Trade bodies say maintain push for better quality wheat

19 June 1998

Trade bodies say maintain push for better quality wheat

DESPITE the expected squeeze on class 2 wheat premiums this harvest, the trade, NIAB and NABIM all remain convinced that farmers should keep growing quality wheats.

"With little yield penalty and a more marketable end product, farmers should not be put off growing class 2 wheats by a tighter premium," says Richard Fenwick, NIABs cereal variety specialist.

"Rialto, currently the leading class 2 variety, offers high yields and exportable quality," he says. "In the past, if farmers growing quality wheats missed the spec, they would lose out two-fold. But with varieties such as Rialto and Charger, this is no longer the case."

Robert Kerr of Glencore Grain puts new crop class 2 premiums at £5/t. Although that is down on the five-year average of £5-£10/t, he still believes farmers should consider them in their portfolio.

"With some class 2 wheats offering little or no yield penalty, we suggest farmers grow a spread of wheats, basing their decision-making on agronomic factors and treating any premium as a bonus."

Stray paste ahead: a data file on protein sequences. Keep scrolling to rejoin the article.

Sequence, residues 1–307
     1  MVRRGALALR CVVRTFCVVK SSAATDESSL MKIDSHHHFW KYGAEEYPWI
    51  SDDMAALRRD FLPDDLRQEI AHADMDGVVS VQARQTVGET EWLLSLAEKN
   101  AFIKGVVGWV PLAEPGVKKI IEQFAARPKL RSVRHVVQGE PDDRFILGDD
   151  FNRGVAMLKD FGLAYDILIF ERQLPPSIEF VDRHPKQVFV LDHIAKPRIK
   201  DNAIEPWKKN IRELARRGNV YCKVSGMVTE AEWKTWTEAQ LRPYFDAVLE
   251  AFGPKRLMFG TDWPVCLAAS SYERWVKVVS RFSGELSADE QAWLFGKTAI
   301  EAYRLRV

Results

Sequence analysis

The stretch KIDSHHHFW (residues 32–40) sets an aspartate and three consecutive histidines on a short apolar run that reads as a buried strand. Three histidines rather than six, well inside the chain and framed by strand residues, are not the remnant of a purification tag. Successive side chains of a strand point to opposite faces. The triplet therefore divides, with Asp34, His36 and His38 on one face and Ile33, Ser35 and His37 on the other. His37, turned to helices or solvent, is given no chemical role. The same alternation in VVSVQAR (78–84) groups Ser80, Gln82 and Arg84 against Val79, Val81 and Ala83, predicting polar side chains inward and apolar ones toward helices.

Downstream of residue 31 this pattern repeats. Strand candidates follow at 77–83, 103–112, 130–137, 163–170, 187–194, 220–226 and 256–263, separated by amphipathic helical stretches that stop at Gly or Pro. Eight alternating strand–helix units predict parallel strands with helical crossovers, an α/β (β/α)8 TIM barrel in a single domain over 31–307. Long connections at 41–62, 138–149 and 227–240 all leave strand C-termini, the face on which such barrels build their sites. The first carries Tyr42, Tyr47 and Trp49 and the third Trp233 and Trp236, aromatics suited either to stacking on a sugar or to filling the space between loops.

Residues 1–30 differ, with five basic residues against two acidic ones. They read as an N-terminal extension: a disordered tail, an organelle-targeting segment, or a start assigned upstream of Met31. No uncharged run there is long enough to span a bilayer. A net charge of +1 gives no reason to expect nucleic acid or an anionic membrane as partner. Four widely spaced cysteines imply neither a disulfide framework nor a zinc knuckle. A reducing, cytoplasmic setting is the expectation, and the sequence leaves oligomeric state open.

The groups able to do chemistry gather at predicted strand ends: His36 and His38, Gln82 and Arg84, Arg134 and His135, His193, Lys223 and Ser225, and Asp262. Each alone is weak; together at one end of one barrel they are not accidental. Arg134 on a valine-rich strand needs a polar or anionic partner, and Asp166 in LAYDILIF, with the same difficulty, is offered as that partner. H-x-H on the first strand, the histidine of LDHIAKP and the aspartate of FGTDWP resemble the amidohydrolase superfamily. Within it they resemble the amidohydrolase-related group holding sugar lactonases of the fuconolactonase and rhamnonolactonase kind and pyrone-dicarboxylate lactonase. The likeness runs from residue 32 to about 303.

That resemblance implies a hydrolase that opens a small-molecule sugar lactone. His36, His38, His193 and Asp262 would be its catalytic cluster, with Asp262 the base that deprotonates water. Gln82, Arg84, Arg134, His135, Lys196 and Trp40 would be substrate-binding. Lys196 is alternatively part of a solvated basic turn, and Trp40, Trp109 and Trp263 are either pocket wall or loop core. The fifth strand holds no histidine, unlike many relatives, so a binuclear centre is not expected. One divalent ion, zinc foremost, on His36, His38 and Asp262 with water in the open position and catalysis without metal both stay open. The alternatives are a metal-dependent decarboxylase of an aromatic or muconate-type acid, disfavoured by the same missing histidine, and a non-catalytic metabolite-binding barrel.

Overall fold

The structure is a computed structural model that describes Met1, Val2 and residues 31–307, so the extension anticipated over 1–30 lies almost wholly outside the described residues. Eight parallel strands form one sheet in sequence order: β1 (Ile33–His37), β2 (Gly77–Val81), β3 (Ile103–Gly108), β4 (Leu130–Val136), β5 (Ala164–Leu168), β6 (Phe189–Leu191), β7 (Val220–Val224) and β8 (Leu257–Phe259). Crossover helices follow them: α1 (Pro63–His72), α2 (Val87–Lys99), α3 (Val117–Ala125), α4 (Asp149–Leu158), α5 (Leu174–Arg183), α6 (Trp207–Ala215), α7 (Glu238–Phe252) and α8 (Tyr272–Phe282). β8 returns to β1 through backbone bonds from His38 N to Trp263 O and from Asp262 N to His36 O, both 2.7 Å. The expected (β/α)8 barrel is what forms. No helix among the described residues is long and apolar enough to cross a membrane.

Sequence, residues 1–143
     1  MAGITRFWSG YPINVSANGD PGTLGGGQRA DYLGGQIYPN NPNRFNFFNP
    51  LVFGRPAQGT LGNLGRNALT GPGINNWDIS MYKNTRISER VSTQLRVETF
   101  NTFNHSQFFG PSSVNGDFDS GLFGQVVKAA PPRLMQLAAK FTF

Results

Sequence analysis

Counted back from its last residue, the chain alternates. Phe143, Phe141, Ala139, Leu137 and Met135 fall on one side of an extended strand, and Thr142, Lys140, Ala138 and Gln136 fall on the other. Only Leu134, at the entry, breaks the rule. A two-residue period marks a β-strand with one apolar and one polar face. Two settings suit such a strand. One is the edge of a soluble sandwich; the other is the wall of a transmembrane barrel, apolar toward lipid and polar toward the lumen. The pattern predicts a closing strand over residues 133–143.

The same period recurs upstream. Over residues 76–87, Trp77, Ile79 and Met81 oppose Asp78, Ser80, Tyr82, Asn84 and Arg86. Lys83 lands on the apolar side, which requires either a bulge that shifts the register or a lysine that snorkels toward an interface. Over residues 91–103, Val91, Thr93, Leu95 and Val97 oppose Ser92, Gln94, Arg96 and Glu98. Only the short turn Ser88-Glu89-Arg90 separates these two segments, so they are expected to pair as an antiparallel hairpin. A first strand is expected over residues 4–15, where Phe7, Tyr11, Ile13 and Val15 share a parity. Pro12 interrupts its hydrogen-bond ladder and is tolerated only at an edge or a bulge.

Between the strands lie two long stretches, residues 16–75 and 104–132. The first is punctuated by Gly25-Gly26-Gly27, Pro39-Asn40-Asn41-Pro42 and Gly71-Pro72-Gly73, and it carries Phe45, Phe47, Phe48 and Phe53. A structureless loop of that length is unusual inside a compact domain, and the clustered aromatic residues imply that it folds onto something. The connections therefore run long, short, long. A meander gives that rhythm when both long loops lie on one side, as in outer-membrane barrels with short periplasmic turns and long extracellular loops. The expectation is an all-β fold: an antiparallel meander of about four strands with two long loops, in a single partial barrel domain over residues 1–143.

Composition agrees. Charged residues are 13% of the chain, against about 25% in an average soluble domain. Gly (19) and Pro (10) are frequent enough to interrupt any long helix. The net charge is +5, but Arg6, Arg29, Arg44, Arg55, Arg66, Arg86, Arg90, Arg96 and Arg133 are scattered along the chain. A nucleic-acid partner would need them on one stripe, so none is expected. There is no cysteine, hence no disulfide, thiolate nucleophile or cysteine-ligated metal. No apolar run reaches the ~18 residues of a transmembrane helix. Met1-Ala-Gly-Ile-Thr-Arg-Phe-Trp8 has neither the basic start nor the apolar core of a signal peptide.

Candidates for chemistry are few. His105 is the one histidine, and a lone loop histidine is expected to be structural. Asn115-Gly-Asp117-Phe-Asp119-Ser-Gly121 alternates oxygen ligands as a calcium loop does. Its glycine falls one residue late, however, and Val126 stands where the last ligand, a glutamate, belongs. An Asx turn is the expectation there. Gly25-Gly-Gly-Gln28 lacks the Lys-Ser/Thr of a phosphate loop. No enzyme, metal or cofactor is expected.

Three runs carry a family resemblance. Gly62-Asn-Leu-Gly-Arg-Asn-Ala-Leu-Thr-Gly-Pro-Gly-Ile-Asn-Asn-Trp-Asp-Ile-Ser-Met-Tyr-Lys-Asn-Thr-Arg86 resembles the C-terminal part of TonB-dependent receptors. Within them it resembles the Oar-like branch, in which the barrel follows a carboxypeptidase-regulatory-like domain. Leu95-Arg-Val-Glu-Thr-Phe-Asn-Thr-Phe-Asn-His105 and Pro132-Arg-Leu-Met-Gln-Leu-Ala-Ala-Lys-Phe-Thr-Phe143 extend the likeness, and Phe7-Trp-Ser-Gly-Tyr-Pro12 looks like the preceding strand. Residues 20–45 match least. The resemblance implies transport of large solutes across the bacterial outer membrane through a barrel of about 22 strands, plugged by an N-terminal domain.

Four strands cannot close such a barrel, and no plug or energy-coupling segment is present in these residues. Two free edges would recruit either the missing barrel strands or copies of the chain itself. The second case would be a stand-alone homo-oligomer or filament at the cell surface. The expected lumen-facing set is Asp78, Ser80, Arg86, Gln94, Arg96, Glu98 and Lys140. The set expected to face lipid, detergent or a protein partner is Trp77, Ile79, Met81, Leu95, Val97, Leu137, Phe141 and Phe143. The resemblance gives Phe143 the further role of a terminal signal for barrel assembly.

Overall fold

John Tudor, president of NABIM, admits there is no guarantee of a specific premium. "Our prices are governed by what our customers will pay us. In a supply and demand situation we have to take the commercial consensus. We want to see a guaranteed home market and we want to see British class &#8226 wheats. But our message to farmers has to be to grow a balance of varieties."

And as new class 1 varieties come forward demonstrating even higher yields, Mr Fenwick believes there could be a further shift towards the top end of the market.

"Varieties such as Malacca and Shango are now emerging as quality, high yielding class ones. Shamrock, yet to be recommended, is showing a yield equivalent to Riband, which is still a widely grown class 3 wheat.

"With high yielding varieties like these to choose from, we could definitely see a further shift into the top end of the quality market." &#42

More high yielding, high quality wheats mean the across-the-board drive for better crop quality will continue, predicts NIABs cereals specialist Richard Fenwick.

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